However, it is one thing to admire a man who can write a complex novel despite being dead, but it is still quite another to actually read it. I mean really; taking up valuable drinking time, reading a book? Hey, I'm not dead yet, you know! God, is there a duller way to spend an afternoon than by reading a book? Just ask the guy who read my book, My Lush Life. He will tell you what a grueling experience reading can be. In fact, the reader reviewers on Amazon.com clearly have nothing better to do with their lives at all but complain at length about how much they hated my book. Who forced them to read it?
Some of you may have read a posting I put up on this flog back on Thanksgiving last year, Gratitude Imparting Day. If you haven't read it, click on this link and do so. In it, I list JRR Tolkien as one of the things I'm grateful for, in a blatant attempt to lure fanboy readers in. It was Little Douglas who suggested it. He's actually read The Hobbit, The Lord of the Rings, and The Silmarillion. He has no life. (You knew that.)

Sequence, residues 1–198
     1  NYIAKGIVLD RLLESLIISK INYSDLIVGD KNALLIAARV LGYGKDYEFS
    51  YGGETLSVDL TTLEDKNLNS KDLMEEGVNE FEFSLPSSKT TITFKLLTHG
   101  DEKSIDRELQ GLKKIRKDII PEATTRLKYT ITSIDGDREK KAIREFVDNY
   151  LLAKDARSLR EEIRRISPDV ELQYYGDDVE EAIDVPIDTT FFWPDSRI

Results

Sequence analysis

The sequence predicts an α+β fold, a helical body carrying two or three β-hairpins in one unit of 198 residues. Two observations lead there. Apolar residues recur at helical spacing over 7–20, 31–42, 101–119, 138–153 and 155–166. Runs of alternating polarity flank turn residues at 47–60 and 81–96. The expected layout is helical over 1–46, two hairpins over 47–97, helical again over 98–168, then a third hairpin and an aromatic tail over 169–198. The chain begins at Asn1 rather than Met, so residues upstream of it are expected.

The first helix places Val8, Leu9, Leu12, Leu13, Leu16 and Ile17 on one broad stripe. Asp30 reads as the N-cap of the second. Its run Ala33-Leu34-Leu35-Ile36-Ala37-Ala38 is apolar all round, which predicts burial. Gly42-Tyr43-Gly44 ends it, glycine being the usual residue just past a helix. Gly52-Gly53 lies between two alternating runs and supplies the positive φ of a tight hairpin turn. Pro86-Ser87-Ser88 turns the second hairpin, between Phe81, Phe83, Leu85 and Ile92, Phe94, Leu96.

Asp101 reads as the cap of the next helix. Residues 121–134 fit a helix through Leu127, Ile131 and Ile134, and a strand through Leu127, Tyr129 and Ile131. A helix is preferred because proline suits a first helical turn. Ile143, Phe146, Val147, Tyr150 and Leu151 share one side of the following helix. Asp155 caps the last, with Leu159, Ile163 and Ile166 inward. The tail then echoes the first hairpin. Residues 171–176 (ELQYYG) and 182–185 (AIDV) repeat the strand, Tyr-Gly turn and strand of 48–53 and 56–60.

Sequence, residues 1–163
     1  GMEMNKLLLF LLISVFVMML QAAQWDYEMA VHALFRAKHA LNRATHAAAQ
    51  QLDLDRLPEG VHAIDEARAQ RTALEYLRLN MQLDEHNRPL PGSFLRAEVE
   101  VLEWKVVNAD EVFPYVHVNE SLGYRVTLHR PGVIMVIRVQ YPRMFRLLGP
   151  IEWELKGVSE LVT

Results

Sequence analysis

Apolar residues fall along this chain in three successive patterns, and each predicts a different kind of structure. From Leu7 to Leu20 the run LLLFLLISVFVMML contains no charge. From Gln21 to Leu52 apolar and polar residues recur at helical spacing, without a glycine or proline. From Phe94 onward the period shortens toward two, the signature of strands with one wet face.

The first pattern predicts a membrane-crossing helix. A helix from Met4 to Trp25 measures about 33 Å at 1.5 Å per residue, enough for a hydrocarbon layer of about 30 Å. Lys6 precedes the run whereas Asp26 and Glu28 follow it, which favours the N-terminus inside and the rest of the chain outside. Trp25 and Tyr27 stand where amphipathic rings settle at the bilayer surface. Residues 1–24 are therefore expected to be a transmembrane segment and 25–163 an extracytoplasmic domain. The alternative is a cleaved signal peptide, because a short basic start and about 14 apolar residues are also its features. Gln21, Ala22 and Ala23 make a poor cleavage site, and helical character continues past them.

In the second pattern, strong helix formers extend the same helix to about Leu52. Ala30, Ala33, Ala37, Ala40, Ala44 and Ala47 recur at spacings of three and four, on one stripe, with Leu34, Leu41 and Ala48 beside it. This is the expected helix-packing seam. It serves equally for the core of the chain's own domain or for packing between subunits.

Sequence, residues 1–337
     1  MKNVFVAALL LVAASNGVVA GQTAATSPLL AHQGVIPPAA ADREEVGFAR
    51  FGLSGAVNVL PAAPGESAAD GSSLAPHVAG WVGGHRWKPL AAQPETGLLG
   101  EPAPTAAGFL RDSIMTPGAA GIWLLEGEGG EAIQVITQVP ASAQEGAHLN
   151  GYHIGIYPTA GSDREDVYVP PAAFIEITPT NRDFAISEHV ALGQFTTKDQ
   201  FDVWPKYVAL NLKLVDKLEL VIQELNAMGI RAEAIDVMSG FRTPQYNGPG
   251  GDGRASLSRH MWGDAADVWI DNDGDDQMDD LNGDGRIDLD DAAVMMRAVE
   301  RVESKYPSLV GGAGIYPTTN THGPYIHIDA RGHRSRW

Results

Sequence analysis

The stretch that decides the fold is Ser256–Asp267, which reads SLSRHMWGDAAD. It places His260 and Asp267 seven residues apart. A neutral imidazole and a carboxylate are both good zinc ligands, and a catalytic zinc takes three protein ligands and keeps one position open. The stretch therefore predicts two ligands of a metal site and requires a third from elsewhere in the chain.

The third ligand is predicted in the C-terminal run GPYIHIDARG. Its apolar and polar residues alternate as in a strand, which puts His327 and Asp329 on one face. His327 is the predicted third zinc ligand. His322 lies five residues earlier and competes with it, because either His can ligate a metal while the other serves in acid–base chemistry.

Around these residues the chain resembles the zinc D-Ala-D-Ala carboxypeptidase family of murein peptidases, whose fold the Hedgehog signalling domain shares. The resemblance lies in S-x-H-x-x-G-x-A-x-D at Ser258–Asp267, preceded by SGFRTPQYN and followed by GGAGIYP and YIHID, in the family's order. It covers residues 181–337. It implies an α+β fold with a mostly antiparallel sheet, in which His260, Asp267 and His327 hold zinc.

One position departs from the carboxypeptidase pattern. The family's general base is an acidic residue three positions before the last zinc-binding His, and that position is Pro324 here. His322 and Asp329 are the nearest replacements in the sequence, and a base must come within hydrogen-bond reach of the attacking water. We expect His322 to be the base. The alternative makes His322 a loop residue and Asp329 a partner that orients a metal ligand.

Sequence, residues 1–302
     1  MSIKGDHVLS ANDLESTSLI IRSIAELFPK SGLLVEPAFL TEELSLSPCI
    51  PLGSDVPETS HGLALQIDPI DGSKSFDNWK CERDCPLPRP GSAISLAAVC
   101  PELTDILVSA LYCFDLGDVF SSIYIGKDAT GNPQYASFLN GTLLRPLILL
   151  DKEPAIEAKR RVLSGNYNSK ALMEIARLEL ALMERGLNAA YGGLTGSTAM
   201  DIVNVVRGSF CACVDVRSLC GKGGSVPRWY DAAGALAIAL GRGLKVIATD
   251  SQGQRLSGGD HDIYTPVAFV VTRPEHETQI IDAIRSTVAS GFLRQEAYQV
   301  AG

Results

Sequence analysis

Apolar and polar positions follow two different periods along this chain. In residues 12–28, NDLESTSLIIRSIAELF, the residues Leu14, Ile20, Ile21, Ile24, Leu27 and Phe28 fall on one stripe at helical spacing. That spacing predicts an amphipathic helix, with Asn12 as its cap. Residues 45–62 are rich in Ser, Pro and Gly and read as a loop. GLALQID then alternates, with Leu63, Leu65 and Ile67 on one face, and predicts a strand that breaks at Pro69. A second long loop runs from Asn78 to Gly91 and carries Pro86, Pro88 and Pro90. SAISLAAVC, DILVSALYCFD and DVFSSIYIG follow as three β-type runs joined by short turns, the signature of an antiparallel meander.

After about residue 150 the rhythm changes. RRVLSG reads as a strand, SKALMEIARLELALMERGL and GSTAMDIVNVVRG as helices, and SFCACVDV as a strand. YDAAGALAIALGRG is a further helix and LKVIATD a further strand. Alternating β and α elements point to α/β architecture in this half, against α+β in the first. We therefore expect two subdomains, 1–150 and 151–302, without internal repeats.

I, of course, have not read these overlong tomes, or even their treatments, but then, while I may not have read Tolkien, I have done him, can you say that? Take a look at the shot above. That's darling Reuel and I, the day I inspired him to create the Lady Galadriel. Reuel looked at me and said, "A lady thousands of years old, still beautiful, but, instead of a drunken slut, she's a magical elvin queen! It will work!" Ah Reuelly, you big, curmudgeonly, Ludditish lug, when you thrust your magical talisman deep into my fiery Crack of Doom, You showed me what Fantasy is all about! You were my favorite Bad Hobbit.
But read him? Have you tried recently? I'm told that The Hobbit and The Lord of the Rings are quite readable, and even funny at times. But Reuel darling, your prose style died with the rest of you. Good God, talk about turgid.